Katrina pushes Houma Indians towards cultural extinction
Reports Sarah Garland of Newsday Sept. 9:
Michael Dardar lost his home when Hurricane Katrina flooded his trailer in Boothville, La., but that is the least of his worries. For Dardar, 43, a Houma Indian, the loss of his land and culture could be far worse.
"An indigenous existence is about people and about place; it's not like we can go buy land in Arkansas," he said from a friend's house in Lafayette, La.
Most of the 15,000 Houmas live in isolated towns dotting the edges of the bayou southeast of New Orleans, an area hard hit by Katrina, and Dardar estimates up to 3,400 could have lost their homes.
Brenda Dardar-Robichaux, chief of the United Houma Nation, said she feared the worst, although she has been unable to get in touch with members in several of the most vulnerable towns.
"We're looking at so many people being displaced, it's never going to be the same," said Dardar-Robichaux, who is unrelated to Dardar.
The Houmas have endured hurricanes and floods in the past, but each disaster weakens the tribe's already tenuous existence as shrimpers and traditional craftspeople, Dardar-Robichaux said. Homes destroyed by the storms, and by coastal erosion that is gradually sucking the tribe's soggy land into the ocean, have driven increasing numbers of Houmas to New Orleans and beyond, where they lose touch with their community, she said.
"The elders are going to stay, they just want to stay, but the younger generation, some are hanging in there, but some are saying we can't fight this forever," she said.
Dardar believes the tribe - traditional French speakers who also had their own language - would have a better chance at withstanding the region's frequent natural disasters if it were federally recognized. Though the state of Louisiana recognizes the tribe, the Houmas have been pushing to change their federal status for more than 20 years.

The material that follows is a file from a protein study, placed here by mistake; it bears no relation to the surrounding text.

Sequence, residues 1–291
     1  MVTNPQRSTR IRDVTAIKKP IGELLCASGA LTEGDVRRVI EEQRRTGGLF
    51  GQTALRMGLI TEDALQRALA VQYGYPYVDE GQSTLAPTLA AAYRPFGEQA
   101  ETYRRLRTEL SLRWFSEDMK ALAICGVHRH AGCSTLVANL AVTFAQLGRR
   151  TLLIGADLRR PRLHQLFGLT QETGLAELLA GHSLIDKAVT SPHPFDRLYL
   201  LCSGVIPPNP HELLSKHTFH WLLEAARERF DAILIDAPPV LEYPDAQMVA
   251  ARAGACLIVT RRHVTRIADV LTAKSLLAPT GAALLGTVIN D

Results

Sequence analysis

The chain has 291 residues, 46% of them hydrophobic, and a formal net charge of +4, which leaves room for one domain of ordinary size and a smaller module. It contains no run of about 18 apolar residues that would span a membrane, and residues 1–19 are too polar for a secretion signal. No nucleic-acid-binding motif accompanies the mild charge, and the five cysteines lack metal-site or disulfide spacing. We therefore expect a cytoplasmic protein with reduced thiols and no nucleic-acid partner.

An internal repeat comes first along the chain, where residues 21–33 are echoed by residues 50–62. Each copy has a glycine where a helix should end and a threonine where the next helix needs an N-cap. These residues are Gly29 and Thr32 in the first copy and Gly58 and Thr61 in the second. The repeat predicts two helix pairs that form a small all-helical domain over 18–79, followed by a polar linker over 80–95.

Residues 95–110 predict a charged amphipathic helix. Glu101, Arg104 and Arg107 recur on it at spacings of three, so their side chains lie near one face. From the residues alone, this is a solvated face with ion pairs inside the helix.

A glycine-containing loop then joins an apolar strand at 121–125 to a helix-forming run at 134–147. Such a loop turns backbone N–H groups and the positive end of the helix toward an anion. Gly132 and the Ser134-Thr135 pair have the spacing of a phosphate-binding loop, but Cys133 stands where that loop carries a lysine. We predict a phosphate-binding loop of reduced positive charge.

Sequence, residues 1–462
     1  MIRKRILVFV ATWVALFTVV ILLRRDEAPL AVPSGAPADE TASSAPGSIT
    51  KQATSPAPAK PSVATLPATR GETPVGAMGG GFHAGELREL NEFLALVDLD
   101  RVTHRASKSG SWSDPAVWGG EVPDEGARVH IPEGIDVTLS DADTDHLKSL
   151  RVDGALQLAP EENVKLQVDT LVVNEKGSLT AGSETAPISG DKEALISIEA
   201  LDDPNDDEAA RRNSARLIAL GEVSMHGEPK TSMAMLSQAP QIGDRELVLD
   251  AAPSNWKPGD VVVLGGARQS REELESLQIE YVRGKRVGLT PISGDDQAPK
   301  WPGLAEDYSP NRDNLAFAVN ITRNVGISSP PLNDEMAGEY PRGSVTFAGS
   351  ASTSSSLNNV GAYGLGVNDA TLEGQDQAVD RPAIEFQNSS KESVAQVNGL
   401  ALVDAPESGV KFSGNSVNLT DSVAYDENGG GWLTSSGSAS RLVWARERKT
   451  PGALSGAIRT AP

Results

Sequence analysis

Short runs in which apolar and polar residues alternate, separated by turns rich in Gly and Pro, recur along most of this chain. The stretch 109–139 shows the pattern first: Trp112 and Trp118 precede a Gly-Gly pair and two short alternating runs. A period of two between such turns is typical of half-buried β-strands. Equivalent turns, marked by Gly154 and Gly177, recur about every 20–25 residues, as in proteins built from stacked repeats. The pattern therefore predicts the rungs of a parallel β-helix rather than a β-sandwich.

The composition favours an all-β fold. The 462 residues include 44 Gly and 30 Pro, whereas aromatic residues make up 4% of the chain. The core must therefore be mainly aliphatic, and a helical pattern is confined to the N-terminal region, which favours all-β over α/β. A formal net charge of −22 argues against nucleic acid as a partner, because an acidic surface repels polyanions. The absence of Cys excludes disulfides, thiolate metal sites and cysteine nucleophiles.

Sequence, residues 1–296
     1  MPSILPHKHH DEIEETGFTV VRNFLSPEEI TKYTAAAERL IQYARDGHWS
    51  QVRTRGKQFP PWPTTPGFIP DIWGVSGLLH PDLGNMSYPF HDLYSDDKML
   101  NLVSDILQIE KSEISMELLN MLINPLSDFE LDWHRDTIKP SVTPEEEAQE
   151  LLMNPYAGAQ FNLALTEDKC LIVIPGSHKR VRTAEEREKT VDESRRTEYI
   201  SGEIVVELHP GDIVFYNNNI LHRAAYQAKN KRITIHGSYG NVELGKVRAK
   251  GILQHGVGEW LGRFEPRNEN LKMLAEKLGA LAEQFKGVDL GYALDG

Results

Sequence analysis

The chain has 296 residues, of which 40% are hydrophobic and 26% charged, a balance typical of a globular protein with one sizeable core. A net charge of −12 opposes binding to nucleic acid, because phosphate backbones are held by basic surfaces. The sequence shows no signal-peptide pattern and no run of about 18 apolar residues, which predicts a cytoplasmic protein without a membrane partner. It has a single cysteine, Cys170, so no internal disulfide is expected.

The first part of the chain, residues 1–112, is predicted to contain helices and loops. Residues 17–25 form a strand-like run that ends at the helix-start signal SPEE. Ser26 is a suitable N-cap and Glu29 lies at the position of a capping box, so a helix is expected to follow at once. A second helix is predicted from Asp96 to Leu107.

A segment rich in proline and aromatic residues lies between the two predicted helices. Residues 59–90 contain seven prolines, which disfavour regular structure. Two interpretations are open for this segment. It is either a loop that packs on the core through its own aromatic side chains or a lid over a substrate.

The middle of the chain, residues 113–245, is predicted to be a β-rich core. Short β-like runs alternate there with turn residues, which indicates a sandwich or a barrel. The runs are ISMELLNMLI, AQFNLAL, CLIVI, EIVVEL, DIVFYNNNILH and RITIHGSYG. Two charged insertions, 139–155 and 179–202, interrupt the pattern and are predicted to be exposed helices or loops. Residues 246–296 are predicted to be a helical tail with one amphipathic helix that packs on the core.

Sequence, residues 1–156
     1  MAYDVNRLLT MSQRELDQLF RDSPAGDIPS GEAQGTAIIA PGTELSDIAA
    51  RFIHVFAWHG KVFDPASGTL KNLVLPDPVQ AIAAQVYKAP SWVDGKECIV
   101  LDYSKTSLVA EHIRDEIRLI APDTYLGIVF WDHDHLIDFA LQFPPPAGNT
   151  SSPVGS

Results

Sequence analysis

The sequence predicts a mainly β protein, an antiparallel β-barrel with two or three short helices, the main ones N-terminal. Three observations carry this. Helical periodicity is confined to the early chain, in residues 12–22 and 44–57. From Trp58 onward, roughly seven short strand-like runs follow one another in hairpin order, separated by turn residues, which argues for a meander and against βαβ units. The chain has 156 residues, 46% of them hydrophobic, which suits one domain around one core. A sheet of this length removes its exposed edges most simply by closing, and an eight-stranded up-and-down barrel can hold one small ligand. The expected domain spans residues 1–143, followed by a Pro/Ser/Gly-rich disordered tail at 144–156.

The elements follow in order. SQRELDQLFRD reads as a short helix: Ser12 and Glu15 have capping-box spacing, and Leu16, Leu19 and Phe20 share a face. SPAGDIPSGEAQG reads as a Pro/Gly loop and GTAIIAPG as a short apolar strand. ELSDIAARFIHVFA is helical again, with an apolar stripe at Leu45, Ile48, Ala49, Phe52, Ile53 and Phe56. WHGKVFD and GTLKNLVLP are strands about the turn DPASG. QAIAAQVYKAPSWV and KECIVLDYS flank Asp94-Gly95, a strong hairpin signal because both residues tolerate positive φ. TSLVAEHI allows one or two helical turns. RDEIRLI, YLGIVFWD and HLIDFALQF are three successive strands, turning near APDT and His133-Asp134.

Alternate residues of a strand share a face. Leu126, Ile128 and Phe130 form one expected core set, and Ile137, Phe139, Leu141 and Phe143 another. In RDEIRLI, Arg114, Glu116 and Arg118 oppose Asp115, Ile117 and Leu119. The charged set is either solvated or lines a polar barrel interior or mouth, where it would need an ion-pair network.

A share of the federal money available each year to recognized tribes could have helped the Houmas lift flood-prone houses onto stilts or buy drier land for a reservation farther inland, Dardar said.
The Houmas applied to the Bureau of Indian Affairs for federal recognition in 1984. Ten years later, the bureau proposed that the request be rejected, though the tribe is still waiting on a final decision. In the 1994 finding, the bureau argued that historical documents don't show them as a long-established tribe. It also said they had European and African ancestors and cited the emigration of members from their traditional land in Louisiana as a reason to deny the application.
Dardar-Robichaux said her tribe is authentic, however, and suggests the government's denial is linked to commercial interests. She says she suspects that oil companies operating in the region want the bayou's rich land for themselves and have lobbied the Bureau of Indian Affairs to deny them recognition.
"You look at where our tribal members sit, on the largest resources of oil in the state... they're more powerful, they're stronger, they're bigger and badder than us," she said.
Nedra Darling, a bureau spokeswoman, said no oil companies have registered as interested parties in the Houmas' case, nor has she heard of any oil companies ever contacting the bureau.
With or without federal status, Dardar-Robichaux said the tribal leadership would do its best to convince people to return and keep the tribe together. She added, though, "You're always fearful...if they decide not to come back, that's a part of our culture that's gone."
See our last post on Katrina's aftermath.